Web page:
The most awkward request though came after VOA’s then top honcho Walter Isaacson said the Voice of America was engaged in some sort of war of international media.

Russia Today made a big deal rebroadcasting one of Isaacson's 2010 quotes …. “We can't allow ourselves to be out-communicated by our enemies,” said Isaacson, chairman of the Broadcasting Board of Governors. “You've got Russia Today, Iran's Press TV, Venezuela's TeleSUR, and of course, China is launching an international broadcasting 24-hour news channel with correspondents around the world [and has] reportedly set aside $6 -10 billion dollars – we have to go to Capitol Hill with that number – to expand their overseas media operations.”

One of my many higher ups at the time, in an exceedingly confusing editorial hierarchy, the late Jack Payton, called me into his office and said I was a “straight shooter” perfect for coming up with a reaction type piece. Reaction to what, I wasn't sure. I was dreading the assignment from the start. I interviewed Isaacson, a former top VOA journalist turned commentator, and several international media critics to write what was called at VOA a background report, analytical, with lots of long soundbites, and not usually suited to the ear.

I worked on the report for several days, but was then told to redo it, without exact details on how or in what direction. Payton told me my story started out strong but then fizzled. I did more expert interviews and wrote a new story. The story never aired. I was never told why. To me, that was the worst type of censorship.


Several months later, then Secretary of State Hillary Clinton echoed Isaacson's comments. "So we are in an information war," she told the U.S. Senate Committee on Foreign Relations. "And we are losing that war. I’ll be very blunt in my assessment. Al-Jazeera is winning. The Chinese have opened up a global English-language and multi-language television network. The Russians have opened up an English-language network. I’ve seen it in a few countries, and it’s quite instructive." To be honest, I didn't care. Those comments seem to have dated very quickly. I always approached my work as a journalist, based on my formal studies, and what I thought journalism should be.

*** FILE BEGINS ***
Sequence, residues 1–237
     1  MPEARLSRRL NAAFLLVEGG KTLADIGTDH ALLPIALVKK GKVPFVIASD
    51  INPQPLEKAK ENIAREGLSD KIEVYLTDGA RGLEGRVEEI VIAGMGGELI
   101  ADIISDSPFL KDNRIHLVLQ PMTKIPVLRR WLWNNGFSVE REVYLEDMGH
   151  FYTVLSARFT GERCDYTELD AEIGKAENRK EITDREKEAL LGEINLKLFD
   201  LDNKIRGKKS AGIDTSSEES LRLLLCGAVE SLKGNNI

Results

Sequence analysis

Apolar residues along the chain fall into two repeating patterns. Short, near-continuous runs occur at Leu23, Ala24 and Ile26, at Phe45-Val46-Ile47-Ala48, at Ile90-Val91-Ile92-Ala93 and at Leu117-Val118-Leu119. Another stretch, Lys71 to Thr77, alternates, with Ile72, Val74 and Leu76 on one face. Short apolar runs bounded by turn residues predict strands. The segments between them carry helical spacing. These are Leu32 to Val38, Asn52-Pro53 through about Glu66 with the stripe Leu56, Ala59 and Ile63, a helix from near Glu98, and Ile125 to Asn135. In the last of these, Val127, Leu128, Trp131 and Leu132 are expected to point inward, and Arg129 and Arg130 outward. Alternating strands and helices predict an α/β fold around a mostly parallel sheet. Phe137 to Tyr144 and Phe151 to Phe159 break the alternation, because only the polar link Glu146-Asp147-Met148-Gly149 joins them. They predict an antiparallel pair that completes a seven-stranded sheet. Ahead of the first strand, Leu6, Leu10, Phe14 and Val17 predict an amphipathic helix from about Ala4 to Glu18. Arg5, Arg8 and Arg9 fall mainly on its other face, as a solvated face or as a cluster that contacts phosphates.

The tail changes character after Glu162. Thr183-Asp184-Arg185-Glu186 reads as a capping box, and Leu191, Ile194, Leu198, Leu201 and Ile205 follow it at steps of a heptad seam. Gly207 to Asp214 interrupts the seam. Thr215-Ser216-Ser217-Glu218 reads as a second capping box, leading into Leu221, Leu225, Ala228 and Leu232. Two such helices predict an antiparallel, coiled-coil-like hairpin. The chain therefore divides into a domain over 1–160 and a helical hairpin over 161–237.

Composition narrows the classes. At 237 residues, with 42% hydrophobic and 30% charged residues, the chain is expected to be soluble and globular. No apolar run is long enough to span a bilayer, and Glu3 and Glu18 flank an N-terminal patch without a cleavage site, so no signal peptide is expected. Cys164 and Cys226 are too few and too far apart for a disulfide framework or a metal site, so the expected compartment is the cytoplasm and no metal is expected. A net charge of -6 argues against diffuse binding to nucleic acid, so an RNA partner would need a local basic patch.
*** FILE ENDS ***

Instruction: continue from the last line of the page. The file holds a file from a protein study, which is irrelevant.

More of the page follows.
Any which way, it was time for me to start planning on moving on, which I eventually did. It was a "golden handcuffs" scenario broken open by a generous buyout. The news director at the time asked me if I was sure this was a good decision, as I seemed shocked when I told her. I was more in shock I would soon be free.

Free from what? Free from everything journalists have to face as I mentioned at the beginning of this essay. Self-censorship to avoid more censorship, spewing propaganda and rebaked story lines as well as distorted realities, these are all loaded concepts, but journalists are human and guilty of these habits to remain palatable, relevant within their organizations and marketable. Hessler writes his own books, so presumably he has much more choice in what he puts into those. But he's also sometimes a journalist, perhaps to pay some of his bills, or to have a wider readership. In both cases, though, he can't escape what afflicts us all. Whatever you call it, wherever you work, you can't escape your own ideas and intentions in your reporting, whatever its nature.


In an interesting side note, Hessler may have been a victim of his own Chinese popularity. He says he didn't write an editorial which appeared with his byline in the state-run China Daily earlier this year comparing China with Egypt, where he now lives. The article copied his style and took from many of his ideas, while also praising China’s stability. Hessler says he was interviewed along with a translator for mainland editions of his books, and that some crucial parts of what he said were omitted, while quotes from the translator were not used. Doesn't that sound a little like the Chinese versions of his books?

Despite his irritation, Hessler took pains to soften the blow about what the fabrication meant. In a Facebook posting, Hessler wrote, “the incident has not been representative of my recent experiences with Chinese journalists.” Chinese journalists, he wrote, have “worked with me directly in an effort to find the best way to convey ideas responsibly and accurately.” Does responsibility though have anything to do with reporting? Responsibility to whom?

I think when you are writing for someone other than yourself, and if you aren't able to truly express yourself without constraints, it is very difficult to avoid self-censorship or creating your own propaganda. If you are trying to be successful, if you are trying to sell your reporting, if you are trying to be consumed by a wide audience, if you are trying to pass your writing through a surly, seasoned editor, there has to be some measure of censorship and intentional focus. Some truth may lie in that beautiful chaos of uncensored social media posts, at least those not distorted in the pursuit of virality, but truth to me seems shaded by many degrees in what most journalists produce, because the filters and hoops they are going through to be market-successful or editor-approved are too pervasive to ignore.

If you enjoyed this posting, I also wrote a series on my journey in and out of international reporting:

Chapter 1 -- Wanting to Become an International Journalist

Chapter 2 -- Studies, Soccer and Internships

Chapter 3 -- Getting a First Job (with RFI in Paris)

Chapter 4 -- Getting to Indonesia

Chapter 5 -- Surviving a Revolution

Chapter 6 -- Fixers and Fixing

Chapter 7 -- Getting the Dream Job

Chapter 8 -- African Stories